Approximately half of the earth's population (give or take a few percent) will experience menstruation throughout their lifetime. While this, in itself, is a very natural process, the materials most commonly used during this time are anything but natural. There are, of course, menstrual cups available, but not everyone enjoys using them as they can be a bit hard to position properly. That's why the use of reusable period pads is an excellent alternative to disposable pads and tampons, as well as menstrual cups!
What are reusable menstrual pads?
Most people know what a menstrual pad is. Bluntly said, it's a big cotton-like pad, sometimes with wings, that can be put in your underwear to collect menstruation blood. A variation of the menstrual pad is a panty liner. Menstrual pads can be used only once and are often lined with some form of plastic as well; we will get into that later.
A reusable menstrual pad is often made using fabric with strong fibres like hemp or cotton. The middle is usually lined with a few extra layers of cloth to endure a heavier blood flow, and in some cases, the "wings" are attached using click-on buttons. Reusable menstrual pads can be homemade as well, using leftover fabrics or old t-shirts, provided that they've been cleaned properly beforehand. A big perk of reusable menstrual pads is, like their name states, that they can be reused. This prevents waste and saves money over time, as well!
Cloth menstrual pads have around for a long time. Before the current disposable pads were invented, most women wore cloth to prevent leakage. Women in poorer countries usually use cloth as well, since it's a cheaper alternative to disposable pads. Sometimes there aren't even shops nearby that provide disposable pads.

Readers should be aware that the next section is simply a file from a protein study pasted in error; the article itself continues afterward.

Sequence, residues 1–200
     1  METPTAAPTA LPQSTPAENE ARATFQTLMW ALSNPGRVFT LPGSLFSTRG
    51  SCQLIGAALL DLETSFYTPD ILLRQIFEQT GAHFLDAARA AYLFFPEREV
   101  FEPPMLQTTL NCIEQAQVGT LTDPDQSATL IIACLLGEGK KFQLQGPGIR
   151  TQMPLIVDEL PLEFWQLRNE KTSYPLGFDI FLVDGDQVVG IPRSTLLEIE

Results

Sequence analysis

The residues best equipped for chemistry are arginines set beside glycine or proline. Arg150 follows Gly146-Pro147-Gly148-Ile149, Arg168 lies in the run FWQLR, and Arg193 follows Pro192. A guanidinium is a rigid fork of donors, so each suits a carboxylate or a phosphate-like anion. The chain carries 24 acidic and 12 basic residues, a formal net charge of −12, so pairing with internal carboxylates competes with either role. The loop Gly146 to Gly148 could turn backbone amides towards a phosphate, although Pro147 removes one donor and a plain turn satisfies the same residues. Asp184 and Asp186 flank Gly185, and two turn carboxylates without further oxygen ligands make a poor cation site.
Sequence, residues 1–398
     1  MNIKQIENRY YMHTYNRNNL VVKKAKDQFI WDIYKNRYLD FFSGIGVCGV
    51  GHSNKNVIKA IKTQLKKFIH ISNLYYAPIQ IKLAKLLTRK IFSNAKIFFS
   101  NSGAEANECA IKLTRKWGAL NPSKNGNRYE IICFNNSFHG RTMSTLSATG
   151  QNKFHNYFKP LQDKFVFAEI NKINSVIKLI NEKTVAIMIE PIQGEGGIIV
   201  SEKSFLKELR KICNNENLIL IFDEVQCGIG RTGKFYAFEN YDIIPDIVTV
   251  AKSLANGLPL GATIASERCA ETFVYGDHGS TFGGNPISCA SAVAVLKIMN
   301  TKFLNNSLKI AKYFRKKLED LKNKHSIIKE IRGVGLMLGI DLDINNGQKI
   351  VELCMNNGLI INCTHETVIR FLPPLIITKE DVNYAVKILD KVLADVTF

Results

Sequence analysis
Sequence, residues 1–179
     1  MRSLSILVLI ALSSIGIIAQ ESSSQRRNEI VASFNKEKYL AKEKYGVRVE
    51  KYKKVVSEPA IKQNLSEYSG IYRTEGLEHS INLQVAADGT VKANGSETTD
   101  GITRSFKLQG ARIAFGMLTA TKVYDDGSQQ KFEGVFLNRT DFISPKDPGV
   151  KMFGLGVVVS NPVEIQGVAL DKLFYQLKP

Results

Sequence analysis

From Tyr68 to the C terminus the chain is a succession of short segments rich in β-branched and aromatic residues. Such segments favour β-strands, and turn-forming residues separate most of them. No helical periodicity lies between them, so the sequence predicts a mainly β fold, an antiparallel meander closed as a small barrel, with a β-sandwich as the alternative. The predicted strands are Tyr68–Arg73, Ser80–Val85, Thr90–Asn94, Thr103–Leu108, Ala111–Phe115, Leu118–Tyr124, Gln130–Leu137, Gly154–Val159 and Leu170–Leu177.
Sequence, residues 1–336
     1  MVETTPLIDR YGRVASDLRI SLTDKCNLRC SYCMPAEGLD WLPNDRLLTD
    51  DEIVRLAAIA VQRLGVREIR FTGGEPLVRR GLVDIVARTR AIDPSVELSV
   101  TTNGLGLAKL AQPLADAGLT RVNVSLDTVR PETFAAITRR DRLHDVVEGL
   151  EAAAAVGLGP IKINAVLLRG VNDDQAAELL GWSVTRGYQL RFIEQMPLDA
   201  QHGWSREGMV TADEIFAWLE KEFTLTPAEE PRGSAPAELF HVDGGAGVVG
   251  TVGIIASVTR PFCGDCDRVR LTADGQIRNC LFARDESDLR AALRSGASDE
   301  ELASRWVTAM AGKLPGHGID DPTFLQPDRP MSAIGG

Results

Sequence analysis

The downsides of disposable pads
In addition to environmental reasons, there are other reasons as to why reusable pads are better for you to use.
First of all, a lot of tampons, sanitary pads and even diapers are produced and shipped in lots of plastic. And unlike most plastics, the packaging of sanitary pads are often disposed of in a specific sanitary bin. It is unlikely that the plastics in this bin get recycled; therefore they will ultimately end up in a landfill.
Secondly, while many ingredients in such a sanitary pad need to be listed on the package, you probably won't know exactly what's in your pads. Your vagina has thin skin, is sensitive to other substances and has its own so-called ecosystem. When you use a pad with scent, for example, it may interfere with the natural environment, heightening the chances of getting a UTI or other infections. This is also true if you have a sensitivity to a chemical found in the pad.
A study has shown that most sanitary pads and tampons contain phthalates, pesticides, dyes and harmful chemicals. No wonder women all over the whole world are warned about tampons causing toxic shock syndrome. Phthalates may be new to you, but these are types of acids added to plastic to increase their flexibility. Not something you should put in or against your sensitive vagina.